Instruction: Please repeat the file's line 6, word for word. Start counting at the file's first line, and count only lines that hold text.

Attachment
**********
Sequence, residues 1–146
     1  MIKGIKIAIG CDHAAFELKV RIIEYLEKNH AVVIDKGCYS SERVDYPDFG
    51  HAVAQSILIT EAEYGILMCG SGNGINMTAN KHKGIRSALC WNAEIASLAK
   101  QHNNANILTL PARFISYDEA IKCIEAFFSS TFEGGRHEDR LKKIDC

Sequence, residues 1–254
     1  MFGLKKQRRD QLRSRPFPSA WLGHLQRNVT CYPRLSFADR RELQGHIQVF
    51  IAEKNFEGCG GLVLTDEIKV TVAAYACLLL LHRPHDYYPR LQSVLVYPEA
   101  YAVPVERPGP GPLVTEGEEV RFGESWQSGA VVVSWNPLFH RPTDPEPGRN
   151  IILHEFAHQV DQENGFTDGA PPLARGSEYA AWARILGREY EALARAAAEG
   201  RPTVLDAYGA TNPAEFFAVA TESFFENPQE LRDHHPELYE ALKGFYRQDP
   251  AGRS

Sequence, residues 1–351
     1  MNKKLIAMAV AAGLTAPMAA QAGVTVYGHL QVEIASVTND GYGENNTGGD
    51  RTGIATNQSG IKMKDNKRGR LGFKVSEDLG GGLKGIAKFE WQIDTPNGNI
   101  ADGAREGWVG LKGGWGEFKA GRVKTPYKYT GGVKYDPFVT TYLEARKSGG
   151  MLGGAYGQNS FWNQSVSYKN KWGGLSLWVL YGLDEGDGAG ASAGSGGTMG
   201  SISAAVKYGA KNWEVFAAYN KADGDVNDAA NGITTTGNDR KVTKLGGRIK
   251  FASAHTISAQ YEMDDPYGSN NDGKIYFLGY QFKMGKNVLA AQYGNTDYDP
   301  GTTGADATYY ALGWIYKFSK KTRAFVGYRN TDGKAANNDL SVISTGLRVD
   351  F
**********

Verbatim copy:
     1  MFGLKKQRRD QLRSRPFPSA WLGHLQRNVT CYPRLSFADR RELQGHIQVF